When we were five, Gracie Bruce and I went eagerly to this familiar building.  We had been inseparable since we were two years old, and together, we could do anything.  There is a photograph somewhere of that first day, of the pair of us in cotton dresses, school bags on backs and grinning manically into the camera at the door of Grace’s house, our introduction to the world delayed by the necessity of recording it. 
Besides having each other, it also helped that the school was at the end of our road, familiar territory and well within our comfort zone.   Not so for Lesley Cameron, this was her first extended absence from her mum and she spent the whole day hanging onto the door knob, howling.  I can remember being puzzled that anyone would be so reluctant to leave home.  Maybe she had the right of it after all, to clinging as long as possible to childhood.  Miss Petrie, by that time Primary One teacher for three decades, let her stay by the door, obviously watching to see she didn’t harm herself, and simply raising her voice above the noise.   Next day Lesley came and sat behind Gracie and I, and that was that.       
Behind me also, and for the next seven years, sat the Thomson twins, Peter and Andrew, the same pair who shared my baptism day.  For some reason, I have carried that tenuous connection to the twins with me throughout my life.  Everything twin-like got my complete attention, and I thought nothing would have pleased me more than to be the mother of twins.  Not to be, but later as a midwife I did delivery a couple of pairs of twins to my great delight, and that must serve.  But I digress.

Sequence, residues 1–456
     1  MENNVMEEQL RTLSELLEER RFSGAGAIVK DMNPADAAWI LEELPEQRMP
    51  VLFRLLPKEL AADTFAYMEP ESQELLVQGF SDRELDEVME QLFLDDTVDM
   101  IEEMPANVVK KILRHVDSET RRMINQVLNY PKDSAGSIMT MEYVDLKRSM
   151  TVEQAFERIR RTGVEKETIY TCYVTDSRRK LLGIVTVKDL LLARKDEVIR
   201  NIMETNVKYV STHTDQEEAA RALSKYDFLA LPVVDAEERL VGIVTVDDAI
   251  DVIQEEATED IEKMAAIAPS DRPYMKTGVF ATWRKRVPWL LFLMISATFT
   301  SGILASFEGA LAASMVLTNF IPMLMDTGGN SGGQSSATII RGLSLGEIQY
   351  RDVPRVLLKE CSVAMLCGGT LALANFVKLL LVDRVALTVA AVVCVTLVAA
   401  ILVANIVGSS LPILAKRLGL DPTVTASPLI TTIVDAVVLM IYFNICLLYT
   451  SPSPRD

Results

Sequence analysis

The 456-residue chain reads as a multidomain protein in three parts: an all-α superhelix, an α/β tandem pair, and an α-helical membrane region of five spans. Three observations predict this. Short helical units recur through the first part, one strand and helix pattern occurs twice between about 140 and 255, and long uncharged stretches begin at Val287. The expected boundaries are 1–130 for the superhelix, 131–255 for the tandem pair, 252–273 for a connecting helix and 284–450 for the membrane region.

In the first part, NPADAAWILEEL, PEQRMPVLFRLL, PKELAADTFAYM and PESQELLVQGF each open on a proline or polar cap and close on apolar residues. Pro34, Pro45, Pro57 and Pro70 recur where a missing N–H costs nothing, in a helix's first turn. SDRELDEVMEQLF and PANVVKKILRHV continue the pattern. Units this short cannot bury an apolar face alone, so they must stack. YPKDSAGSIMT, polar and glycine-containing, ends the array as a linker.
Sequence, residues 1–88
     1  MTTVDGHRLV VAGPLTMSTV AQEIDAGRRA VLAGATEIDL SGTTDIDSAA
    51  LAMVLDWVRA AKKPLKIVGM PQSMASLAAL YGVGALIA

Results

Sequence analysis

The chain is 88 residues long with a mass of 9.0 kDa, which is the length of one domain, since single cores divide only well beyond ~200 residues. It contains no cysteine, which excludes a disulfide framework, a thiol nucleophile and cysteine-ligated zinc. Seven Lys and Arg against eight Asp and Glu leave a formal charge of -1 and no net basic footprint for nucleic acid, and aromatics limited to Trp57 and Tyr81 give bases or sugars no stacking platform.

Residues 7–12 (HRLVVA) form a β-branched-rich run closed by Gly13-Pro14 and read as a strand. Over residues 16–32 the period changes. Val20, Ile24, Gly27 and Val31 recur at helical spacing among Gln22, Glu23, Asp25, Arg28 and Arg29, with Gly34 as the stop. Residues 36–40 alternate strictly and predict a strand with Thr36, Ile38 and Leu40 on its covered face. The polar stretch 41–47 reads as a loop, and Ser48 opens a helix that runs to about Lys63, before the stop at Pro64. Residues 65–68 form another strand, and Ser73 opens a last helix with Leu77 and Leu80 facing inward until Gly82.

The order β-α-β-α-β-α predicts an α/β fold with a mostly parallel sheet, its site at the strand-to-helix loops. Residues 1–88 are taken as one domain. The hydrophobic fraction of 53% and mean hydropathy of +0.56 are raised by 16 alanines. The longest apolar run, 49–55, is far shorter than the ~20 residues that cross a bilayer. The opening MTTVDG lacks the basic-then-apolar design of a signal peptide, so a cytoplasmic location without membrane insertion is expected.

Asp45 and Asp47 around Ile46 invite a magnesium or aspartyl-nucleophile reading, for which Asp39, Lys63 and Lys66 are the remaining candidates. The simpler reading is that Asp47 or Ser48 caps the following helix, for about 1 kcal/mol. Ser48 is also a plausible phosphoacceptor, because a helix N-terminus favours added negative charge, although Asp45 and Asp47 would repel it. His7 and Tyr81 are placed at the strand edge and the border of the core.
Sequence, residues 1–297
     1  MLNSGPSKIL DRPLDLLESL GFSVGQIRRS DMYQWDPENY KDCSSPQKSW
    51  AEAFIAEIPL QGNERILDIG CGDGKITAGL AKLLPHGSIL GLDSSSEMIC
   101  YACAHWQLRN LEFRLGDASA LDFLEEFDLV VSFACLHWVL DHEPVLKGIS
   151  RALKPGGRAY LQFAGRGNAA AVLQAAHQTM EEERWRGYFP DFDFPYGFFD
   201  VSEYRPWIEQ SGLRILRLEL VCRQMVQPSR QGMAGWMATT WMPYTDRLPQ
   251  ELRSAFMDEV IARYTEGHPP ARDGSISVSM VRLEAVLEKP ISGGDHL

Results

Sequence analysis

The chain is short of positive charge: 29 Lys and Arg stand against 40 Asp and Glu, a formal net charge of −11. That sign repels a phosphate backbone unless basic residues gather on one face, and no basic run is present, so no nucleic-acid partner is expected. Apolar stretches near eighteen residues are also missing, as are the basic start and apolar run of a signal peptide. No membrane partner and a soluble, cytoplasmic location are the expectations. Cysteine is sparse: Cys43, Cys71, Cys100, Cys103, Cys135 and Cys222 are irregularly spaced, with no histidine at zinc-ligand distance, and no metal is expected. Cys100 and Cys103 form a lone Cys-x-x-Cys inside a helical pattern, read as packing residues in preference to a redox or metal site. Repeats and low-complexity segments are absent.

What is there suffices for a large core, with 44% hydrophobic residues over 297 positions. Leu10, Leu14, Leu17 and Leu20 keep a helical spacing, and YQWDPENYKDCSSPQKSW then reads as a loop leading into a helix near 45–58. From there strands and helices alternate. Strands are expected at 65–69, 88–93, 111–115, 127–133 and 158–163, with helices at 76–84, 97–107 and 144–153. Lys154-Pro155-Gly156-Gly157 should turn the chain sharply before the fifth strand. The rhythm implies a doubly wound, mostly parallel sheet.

Memories of primary school days are scanty.  I remember the old oak tree that dominated the playground at the top of the steps.  That tree was used for everything; it formed shelter from rain and sun, around its raised roots we created our own games, swarmed in its branches, and, later on, it became a trysting place for our first romantic encounters.  That tree was solid.   I always imagined the roots grew down inside the whole of that hill, a huge anchor that kept us earthed to Scottish soil.
For those years, the school was the centre of our universe, the spot from which we surveyed the rest of town life.  From its grounds on one side and down the brae was the Commonty, the jute factories and the old gas tanks, empty but still stinking.   
Waterfall at the top of the Gairie Burn, Kirriemuir

Waterfall at the top of the Gairie Burn, Kirriemuir

Wiki Commons

The Commonty was common land, a swathe of green, a path along the top, another down the far side going toward the factory.  At the bottom, another path and then the burn.  It’s important to remember that the burn was at the other side of the path in winter.  When the snow came, at every playtime and lunchtime there was a scramble to find a cardboard box to slide down the Commonty.  If you timed it wrong, you hit the bottom of the slope, flew over the path and into the burn.  Shrieking kids, who normally hated being wet, were willing to forego comfort and were content to spend afternoon classes steaming gently in classrooms whose perfume then became wet wool and leather.   
Funny -  the scents and smells that take you back.

1 comment:

  1. Beautifully written! I was transported to a different time and place.